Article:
The Steps to Improve Customer Retention as a Product Manager
The co-founder of Crazy Egg and FYI, Hiten Shah, joined Products That Count at Yelp headquarters in San Francisco recently to discuss strategies for customer retention while being a product manager. Hiten’s suggestions focused on timing, such as looking at short-, medium-, and long-term strategies during the process.
What are the steps to improve customer retention? Good retention is the result of customer obsession. You have to talk about customer needs and benefits if you want to be customer-obsessed. You can’t talk about business needs or product features and think you’re going to get away with solving problems or thinking you’re customer-obsessed.
The three steps to customer obsession are starting with the customer journey, work backward from the customer, and run small experiments.
Customer Journey & Steps to Improve Customer Retention
These are two questions for short-term retention: Do people use the product after their first session? Essentially, that first 24-hour period matters. How many times do people use the product in the first week? For the mid-term, does the product solve a painful enough problem for people? Is the problem a frequent one that people have? Long-term is the product a part of people’s daily life or workflow?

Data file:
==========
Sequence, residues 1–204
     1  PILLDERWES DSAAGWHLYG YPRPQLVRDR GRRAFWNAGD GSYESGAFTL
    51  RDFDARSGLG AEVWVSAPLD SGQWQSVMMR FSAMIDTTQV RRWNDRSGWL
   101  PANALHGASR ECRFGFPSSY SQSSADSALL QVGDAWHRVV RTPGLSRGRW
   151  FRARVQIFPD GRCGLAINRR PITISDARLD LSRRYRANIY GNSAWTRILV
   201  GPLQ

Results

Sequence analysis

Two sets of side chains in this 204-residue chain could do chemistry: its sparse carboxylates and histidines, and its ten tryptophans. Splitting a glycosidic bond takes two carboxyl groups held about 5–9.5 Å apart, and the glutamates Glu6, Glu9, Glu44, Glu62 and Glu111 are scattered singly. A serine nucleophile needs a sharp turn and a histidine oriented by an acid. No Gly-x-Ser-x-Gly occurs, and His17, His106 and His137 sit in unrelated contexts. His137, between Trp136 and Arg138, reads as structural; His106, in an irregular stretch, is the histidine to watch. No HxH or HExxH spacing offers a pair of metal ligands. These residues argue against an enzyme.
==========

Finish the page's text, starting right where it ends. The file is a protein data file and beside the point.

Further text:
These are relatively simple questions you can ask yourself when you think about these buckets and hypothesize what your answers are. Then, go look at the data or conduct research to get the answers.
Working Backward From the Customer
This is a concept Amazon uses partly to build a product. They create a press release and they work backward from that release to figure out what the product is they can build that is way out there in the future.
Not everyone at Amazon does this process. The product teams that are the most successful do. However, the teams that flop the largest also do it.
An example is their phone. If you think about the Amazon phone there is something they got wrong about the future. If you think about Amazon Web Services, there is something they got right about the future using this process.
At Facebook, a similar kind of thing happens, where you can determine the success of a product team based on how often they work with the user research team. It sounds pithy and simple, but those are the things that the product managers over there think about from a success or failure standpoint.